On a more positive note, many of the couples we heard from have successfully implemented changes in their digital habits after noticing how it was affecting them. Some of these changes were loosely agreed “common sense” rules regarding basic courtesy towards each other and better real life communication. Other couples in our study wrote much more strictly defined rules, like “no technology at the dinner table” or “keep phones away on date nights”, and even “no phones allowed in the bedroom”. Some even went as far as to create a written contract.
The adoption of digital devices is one that has influenced all corners of modern society, and will only continue to do so. We should question what effects this has on our personal relationships– does technology enable us to build on our connections? Or is it causing us to become less empathetic and less able to look each other in the eye for human conversations?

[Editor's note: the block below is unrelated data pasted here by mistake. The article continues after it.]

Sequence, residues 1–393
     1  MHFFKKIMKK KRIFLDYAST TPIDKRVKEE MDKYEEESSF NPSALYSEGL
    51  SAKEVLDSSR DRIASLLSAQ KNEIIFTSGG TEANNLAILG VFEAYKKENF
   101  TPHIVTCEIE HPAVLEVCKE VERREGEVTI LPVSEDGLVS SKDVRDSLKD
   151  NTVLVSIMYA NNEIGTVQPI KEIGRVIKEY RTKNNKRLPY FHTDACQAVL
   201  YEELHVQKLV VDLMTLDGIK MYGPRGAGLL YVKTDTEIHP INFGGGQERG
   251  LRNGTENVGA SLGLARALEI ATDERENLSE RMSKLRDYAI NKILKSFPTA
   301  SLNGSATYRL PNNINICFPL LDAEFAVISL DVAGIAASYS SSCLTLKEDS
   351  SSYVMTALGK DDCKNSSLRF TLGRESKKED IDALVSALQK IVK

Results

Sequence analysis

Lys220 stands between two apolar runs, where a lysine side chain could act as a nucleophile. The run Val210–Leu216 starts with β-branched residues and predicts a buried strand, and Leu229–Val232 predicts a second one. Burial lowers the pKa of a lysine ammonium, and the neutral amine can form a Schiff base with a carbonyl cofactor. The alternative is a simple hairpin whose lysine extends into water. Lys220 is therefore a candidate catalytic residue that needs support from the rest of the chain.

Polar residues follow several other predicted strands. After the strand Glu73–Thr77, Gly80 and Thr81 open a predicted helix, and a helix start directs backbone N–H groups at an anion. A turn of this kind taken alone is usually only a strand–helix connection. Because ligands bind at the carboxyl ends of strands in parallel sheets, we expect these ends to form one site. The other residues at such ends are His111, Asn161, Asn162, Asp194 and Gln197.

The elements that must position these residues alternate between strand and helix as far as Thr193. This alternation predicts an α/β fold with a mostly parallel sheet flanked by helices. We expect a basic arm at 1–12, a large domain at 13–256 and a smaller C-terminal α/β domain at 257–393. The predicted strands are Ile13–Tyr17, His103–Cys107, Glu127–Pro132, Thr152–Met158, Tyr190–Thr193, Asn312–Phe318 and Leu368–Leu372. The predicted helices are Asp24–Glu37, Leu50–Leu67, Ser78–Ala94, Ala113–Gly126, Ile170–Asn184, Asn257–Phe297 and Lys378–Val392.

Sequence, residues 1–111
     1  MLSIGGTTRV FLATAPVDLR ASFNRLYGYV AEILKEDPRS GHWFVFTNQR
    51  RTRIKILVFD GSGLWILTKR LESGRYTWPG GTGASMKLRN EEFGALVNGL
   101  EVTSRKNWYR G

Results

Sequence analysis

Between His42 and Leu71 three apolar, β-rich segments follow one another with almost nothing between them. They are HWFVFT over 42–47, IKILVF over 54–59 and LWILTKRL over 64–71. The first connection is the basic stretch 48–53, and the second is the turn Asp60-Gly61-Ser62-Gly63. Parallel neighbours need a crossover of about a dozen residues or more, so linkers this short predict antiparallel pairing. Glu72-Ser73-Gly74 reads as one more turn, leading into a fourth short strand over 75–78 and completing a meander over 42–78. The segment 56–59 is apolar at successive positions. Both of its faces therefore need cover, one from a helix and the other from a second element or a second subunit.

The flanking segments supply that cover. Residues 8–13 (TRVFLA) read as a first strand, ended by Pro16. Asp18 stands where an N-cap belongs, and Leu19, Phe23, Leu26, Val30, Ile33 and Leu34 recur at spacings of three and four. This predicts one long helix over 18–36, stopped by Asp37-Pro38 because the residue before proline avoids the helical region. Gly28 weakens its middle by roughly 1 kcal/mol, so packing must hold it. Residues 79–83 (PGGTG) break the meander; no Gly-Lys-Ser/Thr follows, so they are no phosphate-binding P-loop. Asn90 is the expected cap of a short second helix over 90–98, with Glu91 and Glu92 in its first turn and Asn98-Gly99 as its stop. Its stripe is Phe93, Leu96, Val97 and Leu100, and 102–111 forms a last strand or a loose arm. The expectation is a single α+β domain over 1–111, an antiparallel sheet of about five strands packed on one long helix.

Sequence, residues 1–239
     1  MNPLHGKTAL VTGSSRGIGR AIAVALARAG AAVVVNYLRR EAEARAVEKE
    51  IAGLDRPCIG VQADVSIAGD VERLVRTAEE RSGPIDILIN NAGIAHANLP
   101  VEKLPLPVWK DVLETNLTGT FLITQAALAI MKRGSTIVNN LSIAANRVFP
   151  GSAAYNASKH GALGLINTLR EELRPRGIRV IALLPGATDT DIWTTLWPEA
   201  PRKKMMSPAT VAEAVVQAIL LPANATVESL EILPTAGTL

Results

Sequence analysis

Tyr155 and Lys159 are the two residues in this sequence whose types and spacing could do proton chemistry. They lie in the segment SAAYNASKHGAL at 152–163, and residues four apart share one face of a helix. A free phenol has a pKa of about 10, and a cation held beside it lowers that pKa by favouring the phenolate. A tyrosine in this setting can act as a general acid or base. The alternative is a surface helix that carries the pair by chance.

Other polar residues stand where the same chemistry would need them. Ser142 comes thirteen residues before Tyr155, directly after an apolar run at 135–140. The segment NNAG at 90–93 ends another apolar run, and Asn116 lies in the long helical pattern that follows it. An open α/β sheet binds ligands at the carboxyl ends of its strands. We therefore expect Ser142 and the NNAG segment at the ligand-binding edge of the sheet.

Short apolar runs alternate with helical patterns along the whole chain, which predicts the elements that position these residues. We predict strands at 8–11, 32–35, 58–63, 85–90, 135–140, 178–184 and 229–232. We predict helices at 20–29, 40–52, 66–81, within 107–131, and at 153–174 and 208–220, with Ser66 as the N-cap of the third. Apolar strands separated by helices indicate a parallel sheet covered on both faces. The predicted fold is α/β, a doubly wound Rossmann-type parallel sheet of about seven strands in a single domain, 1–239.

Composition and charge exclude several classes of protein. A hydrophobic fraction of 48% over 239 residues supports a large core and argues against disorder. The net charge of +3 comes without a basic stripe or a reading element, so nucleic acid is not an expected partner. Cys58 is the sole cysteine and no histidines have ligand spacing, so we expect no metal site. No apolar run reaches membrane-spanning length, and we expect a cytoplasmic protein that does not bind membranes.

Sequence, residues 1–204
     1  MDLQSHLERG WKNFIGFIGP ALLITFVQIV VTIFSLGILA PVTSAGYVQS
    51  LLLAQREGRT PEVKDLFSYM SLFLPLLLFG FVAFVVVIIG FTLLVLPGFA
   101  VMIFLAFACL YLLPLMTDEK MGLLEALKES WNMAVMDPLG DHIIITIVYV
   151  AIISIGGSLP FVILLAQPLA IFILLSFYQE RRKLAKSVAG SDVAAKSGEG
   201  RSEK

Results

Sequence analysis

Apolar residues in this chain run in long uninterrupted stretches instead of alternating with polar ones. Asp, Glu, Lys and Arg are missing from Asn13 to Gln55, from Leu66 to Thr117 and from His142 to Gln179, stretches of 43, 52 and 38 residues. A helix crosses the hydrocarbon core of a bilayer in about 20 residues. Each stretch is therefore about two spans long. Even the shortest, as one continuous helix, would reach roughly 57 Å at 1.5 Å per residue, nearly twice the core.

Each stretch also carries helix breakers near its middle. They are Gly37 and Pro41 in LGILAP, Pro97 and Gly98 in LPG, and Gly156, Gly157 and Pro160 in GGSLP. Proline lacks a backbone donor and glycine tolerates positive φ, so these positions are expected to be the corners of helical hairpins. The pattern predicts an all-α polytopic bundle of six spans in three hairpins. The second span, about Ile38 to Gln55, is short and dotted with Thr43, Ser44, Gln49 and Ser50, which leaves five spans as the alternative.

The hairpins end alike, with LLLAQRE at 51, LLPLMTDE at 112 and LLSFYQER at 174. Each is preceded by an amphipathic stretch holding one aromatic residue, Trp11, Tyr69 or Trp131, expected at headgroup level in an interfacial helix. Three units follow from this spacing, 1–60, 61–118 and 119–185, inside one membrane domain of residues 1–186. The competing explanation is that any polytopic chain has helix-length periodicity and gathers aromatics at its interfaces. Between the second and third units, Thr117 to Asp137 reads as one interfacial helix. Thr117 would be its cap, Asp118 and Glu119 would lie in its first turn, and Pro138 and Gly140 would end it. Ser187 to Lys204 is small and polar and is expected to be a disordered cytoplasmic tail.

Clearly, it’s not so black and white. There seems to be one common thread that recurs in most of our Lab’s research: when we look at the relationship between human wellbeing and technology, the negative impacts are just as much a human problem as they are a technological problem. Without the right etiquette and values toward how we use the modern gadgets that guide us through our days, we risk losing sight of what’s most important to us. It’s something to think about next time you reach for your phone in the morning before acknowledging the person next to you, or having part of your brain focused on what might be on your phone while they’re telling you about their day.
Leah Palmer is a member of the VINAYA Lab specialising in psychology with an interest in how psychological research and technology can be integrated to promote wellbeing. She enjoys reading, cooking, and travel.